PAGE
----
In the most important speech of his Liberal leadership campaign, Justin Trudeau will aim to reach beyond fellow Liberals to tell Canadians that he is the only alternative to Stephen Harper and will outline what a Trudeau-led government would look like.
The front-running candidate for the Liberal Party leadership has just 25 minutes on Saturday to make his case when he takes the stage for this last event of the campaign.
The six candidates will give their final speeches on Saturday afternoon in a "National Showcase" at the Metro Toronto Convention Centre. Liberal Party officials are billing it as a mini-convention, with buttons, signs and demonstrations before speeches. About 1,500 supporters are expected to attend.
It will be followed by a week of online and telephone voting under the Liberal Party's new way of electing a leader. The party decided against holding a more dramatic delegated convention and instead adopted a process that it hoped would attract new and much-needed members. The winner will be announced in Ottawa on April 14.
A source close to Mr. Trudeau said he has been practising, drafting and redrafting his speech for several weeks.
He is not expected to talk about his Liberal leadership opponents, nor will he give much, if any, air time to the NDP's Thomas Mulcair, leader of the Official Opposition in the House of Commons, according to sources.
One senior Liberal noted that polls have shown Mr. Trudeau is draining support away from the NDP, suggesting that the "simple fact that he is standing" before Liberals poised to become leader is enough of a statement about the NDP and to Canadians.
Rather, he will focus on the Harper government as the real adversary of a Trudeau-led Liberal Party and will try to explain why he, as the potential leader of the third party in Parliament, should be considered the only alternative to the Tories, the source said.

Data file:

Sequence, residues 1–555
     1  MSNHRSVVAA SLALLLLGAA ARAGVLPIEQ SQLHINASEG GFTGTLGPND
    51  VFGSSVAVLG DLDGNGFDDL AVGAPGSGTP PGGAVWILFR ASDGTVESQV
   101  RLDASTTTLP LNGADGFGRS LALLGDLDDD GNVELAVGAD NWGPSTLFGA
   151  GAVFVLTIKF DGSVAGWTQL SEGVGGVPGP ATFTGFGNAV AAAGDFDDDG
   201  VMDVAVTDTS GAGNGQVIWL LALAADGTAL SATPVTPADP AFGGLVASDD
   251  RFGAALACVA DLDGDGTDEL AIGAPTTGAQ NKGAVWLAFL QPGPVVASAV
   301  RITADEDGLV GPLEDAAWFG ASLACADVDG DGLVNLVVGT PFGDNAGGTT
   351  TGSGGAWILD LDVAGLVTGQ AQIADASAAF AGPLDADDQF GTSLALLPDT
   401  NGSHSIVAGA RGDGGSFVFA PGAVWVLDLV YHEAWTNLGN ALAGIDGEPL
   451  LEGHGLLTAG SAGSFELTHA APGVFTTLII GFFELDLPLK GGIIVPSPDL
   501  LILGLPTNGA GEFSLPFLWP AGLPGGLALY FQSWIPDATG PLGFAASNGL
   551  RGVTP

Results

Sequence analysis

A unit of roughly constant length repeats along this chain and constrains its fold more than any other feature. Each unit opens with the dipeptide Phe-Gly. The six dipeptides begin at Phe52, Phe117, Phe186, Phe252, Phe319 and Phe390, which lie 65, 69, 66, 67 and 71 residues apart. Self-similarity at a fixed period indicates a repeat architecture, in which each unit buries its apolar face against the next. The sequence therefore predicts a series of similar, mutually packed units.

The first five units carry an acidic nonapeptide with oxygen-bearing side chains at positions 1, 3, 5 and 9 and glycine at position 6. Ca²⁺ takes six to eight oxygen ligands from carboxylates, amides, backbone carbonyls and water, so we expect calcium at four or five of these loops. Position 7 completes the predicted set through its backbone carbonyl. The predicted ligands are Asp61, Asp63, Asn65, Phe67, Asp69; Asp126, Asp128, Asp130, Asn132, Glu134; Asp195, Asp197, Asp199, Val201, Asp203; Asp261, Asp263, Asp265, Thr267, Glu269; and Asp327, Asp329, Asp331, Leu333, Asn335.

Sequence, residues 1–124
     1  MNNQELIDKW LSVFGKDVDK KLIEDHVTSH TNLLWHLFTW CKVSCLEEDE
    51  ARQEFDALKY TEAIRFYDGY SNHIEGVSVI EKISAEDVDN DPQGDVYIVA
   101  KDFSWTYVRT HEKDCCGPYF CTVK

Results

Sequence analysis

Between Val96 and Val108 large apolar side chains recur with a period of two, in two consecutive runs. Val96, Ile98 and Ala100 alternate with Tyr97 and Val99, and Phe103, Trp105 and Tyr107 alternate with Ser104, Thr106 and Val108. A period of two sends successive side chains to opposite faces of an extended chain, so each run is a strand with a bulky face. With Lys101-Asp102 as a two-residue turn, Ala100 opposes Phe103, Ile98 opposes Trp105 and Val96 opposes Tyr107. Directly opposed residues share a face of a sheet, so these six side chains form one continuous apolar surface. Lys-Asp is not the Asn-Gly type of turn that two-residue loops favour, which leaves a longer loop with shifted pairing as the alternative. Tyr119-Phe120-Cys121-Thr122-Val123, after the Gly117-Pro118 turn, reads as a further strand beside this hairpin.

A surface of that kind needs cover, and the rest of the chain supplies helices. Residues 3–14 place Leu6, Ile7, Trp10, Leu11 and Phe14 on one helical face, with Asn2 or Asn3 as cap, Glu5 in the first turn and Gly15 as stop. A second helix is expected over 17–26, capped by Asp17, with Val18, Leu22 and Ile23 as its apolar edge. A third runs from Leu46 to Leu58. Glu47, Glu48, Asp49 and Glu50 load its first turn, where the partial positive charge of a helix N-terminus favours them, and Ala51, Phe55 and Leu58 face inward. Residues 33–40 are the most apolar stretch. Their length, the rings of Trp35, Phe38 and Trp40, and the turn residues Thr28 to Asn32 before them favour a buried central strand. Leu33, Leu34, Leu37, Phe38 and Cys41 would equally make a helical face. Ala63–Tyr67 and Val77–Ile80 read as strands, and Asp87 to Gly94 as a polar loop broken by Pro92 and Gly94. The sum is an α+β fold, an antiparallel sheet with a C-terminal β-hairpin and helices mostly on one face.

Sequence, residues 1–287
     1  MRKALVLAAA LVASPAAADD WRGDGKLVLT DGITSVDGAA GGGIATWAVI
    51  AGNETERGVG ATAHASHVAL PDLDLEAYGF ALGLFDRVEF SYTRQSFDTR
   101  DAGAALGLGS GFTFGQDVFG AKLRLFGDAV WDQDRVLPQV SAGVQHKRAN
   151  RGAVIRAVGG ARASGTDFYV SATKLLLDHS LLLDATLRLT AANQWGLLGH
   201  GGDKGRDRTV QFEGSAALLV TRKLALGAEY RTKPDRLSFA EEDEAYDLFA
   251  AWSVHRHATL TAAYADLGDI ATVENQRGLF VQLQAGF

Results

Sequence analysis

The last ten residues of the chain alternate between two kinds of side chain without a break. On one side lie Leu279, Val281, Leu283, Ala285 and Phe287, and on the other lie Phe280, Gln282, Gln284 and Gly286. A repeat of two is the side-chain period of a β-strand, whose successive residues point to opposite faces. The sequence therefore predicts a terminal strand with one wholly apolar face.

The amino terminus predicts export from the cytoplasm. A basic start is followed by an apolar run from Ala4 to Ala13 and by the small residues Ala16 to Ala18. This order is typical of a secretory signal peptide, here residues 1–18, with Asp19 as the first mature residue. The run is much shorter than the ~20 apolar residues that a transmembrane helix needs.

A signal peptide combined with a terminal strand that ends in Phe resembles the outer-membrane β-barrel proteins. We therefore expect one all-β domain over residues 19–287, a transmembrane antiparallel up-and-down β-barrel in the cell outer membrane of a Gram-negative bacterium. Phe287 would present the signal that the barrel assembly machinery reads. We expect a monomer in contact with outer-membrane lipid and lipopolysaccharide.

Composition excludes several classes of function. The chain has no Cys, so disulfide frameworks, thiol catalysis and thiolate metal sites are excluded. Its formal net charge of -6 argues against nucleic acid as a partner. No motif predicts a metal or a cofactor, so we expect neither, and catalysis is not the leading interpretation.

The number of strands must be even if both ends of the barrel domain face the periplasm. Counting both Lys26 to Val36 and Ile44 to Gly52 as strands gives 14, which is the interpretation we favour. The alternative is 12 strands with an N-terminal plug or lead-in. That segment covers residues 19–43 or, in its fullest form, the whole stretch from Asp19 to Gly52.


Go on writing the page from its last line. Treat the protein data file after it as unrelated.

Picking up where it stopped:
Mr. Trudeau is also expected to touch on several of the themes he has emphasized during the campaign – the middle class, education, democratic reform and trying to engage a new generation of Canadians in leadership and politics.
Beyond repeating that he wants to see 70 per cent of Canadians attend universities and colleges or that the Liberal Party would become one of the most democratic parties in the world under his leadership by opening up nominations or making the Prime Minister's Office less controlling, there will be little in the way of policy.
His strategists and supporters dismiss criticism that his campaign has been light on policy. In fact, the senior Trudeau supporter noted that Quebec MP Marc Garneau, considered to be the main opponent to Mr. Trudeau, tried to take him on over the issue and failed. Mr. Garneau abandoned the race, suggesting in a news conference that Mr. Trudeau was going to run away with the leadership.
In addition, some critics believed Mr. Trudeau, who declared his intention to run last October, would make a significant gaffe or falter badly during the campaign. Again, the source noted that this did not happen.
Instead, Mr. Trudeau has drawn significant crowds to his events – and more importantly for the party, has shown that he can raise money. He is expected to deliver nearly $1-million to the Liberal war chest when the campaign is over.
His closest competition now is British Columbia MP Joyce Murray, whose policies on co-operation with the NDP and the Green Party, and legalizing marijuana, have attracted support.
Ms. Murray's key messages in her Saturday speech will be about a sustainable society and how a Harper government cannot achieve that goal. She will argue that the only way to defeat the Conservatives is through a one-time deal with the other progressive parties, according to her spokesman, Brenden Johnstone.
Ms. Murray has been personally calling voters for support. She has also held three one-hour telephone town halls – talking to Liberals in the Atlantic provinces, Ontario, Quebec and in Western and Northern Canada. Mr. Johnstone said a poll of participants was taken after each town hall and the results showed 97-per-cent support for her proposal to legalize cannabis and 93-per-cent support for her position on one-time co-operation.